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How to Be Mentally Well to Prevent Mental Illness

September 30, 2017

As the summer months come to an end and the smell of pumpkin and spice begin to arise in the atmosphere, we know that fall is near. The harsh realization of mid-terms and deadlines linger in the minds of many students. Parents fight through stacks of files attempting to avoid coffee spills. This is a time when athletes are approaching their mid fall seasons and must stay focused to remain on top or make their rise to the top. Professionals may be worried about meeting quota’s, or meeting project deadlines. During this time, we may lose sight of what is most important for entering this fall season, maintaining our mental health.

 

October is a month that has been dedicated to bringing awareness to mental illnesses across America and around the world. This helps to bring special attention to the individuals who may be overlooked because their illness is not physical and sometimes more difficult to spot. A mental illness refers to conditions that affect cognition, emotion, and behavior (e.g., schizophrenia, depression, autism), a term which has continuously evolved over the last half-century (Manderscheid, et al., 2010). Depression is one of the most important mental illnesses because of its frequent co-occurrence with other illnesses and physical disorders (Manderscheid et al., 2010). For athletes, and professionals alike, depression can interfere with performance and negatively impact one’s physical and mental well-being.  Did you know that over 6% of the U.S. population aged 18 and up experienced a major depressive episode within the last year? Women are twice as likely to be diagnosed with depression and young adults aged 18-25 are also more at risk (Center for Behavioral Health Statistics and Quality, 2016).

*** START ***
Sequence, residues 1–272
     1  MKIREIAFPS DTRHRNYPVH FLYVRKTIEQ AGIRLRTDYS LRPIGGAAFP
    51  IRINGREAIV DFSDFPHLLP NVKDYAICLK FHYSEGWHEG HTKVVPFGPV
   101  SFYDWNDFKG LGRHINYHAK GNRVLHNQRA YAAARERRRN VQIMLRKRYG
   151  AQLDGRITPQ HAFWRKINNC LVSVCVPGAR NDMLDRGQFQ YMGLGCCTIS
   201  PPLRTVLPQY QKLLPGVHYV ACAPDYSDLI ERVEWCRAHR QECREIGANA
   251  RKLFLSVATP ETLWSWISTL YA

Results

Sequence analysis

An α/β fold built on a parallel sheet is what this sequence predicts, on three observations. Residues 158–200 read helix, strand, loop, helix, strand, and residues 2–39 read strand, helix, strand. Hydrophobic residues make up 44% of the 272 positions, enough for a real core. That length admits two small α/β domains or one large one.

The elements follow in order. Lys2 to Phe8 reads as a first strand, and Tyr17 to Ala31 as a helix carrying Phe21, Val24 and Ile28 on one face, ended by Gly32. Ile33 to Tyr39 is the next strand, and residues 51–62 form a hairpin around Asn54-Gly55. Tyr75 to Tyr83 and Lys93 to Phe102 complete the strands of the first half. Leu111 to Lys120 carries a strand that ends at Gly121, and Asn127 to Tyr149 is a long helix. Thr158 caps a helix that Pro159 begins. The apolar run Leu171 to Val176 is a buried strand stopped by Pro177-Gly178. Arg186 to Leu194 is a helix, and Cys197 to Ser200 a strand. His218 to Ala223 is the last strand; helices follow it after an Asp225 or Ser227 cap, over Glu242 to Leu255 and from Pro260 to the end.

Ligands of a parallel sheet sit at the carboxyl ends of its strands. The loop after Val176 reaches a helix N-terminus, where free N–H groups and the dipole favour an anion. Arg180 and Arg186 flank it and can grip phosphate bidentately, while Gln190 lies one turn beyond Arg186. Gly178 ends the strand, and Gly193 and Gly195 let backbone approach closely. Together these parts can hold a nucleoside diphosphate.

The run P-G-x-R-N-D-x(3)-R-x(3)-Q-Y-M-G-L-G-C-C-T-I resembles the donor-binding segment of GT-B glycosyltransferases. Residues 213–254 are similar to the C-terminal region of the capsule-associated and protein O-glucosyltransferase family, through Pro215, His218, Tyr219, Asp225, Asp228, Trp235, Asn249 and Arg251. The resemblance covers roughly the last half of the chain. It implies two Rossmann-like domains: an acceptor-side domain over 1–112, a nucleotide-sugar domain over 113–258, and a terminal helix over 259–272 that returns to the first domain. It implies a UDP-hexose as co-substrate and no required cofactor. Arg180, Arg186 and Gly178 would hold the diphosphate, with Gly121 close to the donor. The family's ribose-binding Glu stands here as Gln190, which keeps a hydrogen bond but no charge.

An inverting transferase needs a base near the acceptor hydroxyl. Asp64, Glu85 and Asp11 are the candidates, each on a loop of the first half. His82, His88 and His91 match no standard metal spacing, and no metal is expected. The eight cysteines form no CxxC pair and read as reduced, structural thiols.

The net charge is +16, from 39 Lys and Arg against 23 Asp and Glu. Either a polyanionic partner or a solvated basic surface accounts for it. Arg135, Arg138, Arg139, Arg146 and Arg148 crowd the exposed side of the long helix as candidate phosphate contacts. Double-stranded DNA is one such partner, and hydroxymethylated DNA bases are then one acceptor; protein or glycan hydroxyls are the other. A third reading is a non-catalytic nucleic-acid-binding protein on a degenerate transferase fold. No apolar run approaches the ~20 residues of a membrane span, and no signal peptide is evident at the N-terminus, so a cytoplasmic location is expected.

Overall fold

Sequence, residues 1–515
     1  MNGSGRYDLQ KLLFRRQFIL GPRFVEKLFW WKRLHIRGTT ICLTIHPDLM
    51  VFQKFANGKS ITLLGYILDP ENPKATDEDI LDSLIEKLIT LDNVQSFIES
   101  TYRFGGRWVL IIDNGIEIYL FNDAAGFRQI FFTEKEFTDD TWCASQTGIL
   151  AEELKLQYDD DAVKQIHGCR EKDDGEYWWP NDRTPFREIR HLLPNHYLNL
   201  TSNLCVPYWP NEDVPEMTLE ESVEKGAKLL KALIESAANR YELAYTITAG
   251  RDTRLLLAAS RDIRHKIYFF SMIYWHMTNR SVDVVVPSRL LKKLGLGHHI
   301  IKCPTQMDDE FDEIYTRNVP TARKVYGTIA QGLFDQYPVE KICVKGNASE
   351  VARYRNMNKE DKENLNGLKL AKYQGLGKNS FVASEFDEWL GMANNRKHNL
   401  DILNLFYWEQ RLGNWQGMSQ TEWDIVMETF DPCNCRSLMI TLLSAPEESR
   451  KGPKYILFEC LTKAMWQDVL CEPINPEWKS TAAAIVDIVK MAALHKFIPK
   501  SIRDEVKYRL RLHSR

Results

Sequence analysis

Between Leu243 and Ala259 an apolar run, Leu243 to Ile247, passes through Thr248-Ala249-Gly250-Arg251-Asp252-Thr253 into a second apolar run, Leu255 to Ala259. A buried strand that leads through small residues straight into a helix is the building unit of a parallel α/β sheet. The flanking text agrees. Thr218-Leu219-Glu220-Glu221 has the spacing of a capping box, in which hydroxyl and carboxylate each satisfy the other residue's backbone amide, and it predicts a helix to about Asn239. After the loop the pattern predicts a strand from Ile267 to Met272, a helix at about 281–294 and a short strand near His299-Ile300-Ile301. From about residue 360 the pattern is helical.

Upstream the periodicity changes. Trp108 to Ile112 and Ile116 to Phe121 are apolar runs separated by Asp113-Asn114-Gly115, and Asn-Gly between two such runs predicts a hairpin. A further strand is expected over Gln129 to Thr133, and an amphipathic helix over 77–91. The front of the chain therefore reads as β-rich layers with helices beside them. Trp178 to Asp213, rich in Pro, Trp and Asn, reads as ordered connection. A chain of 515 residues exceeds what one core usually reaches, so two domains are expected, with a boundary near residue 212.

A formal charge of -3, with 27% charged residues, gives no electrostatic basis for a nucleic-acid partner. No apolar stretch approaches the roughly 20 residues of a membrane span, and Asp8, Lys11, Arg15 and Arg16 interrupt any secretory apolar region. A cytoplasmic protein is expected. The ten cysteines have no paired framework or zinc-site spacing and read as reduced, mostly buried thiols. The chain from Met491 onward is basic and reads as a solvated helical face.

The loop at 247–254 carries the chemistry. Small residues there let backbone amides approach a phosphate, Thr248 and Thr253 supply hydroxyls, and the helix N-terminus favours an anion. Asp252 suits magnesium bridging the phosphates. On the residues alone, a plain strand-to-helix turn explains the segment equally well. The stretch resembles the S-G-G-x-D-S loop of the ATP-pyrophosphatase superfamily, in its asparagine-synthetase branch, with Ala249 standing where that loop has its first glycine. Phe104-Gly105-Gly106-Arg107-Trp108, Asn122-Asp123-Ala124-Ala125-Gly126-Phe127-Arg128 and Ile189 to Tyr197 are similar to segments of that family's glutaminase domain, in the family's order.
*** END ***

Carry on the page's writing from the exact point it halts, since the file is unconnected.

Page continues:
One of the goals of TOPPS is to promote mental wellness in our community to reduce the occurrence of mental illness. Educating ourselves about mental illness is an important way to decrease stigma and to help our loved ones get the care and support they need to live more healthy and happy lives.  Awareness also provides education and resources to assist in improving our own mental wellness.  As a result, we’re better able to cope with day-to-day stressors and keep mental illness at bay.

 

TOPPS has created a list of the 3 main areas that effect one’s mental wellness:

 

  1. Diet: There are many ways that proper nutrition can effect one’s mindset and mental state. Particularly when an individual suffers from depression or increased stress, unhealthy eating habits can occur. Research from adult populations have shown that a better-quality diet is associated with better mental health outcomes (O’Neil, et al., 2014). In children and adolescents, a poor quality diet that is lacking nutrient-dense foods can lead to nutrient deficiencies that have been associated with mental health issues and dietary intake can also have a direct impact on various biological systems and mechanisms that underpin depression (O’Neil, et al., 2014). Therefore, having a nutritious diet promotes a better mental well-being for all ages.

  2. Exercise: Yes, exercise is used to manage weight or provide physical health benefits, but the mental health benefits that exercise promotes are sometimes forgotten. Exercise is a mood enhancer, helping to alleviate depression in the long-term (Weir, 2011). Exercise helps our brain to release the neurotransmitter serotonin, the same neurotransmitter that antidepressants like Zoloft and Prozac target.  This important neurotransmitter helps regulate our mood, appetite, digestion, memory, and sleep. Regular workouts have also been shown to help people with anxiety become less likely to panic when experiencing fight-or-flight sensations that arise from fear, threats, or being startled (Weir, 2011). Through physical activity and exercise, individuals can stimulate positive brain receptors in order to steer away from mental negativity.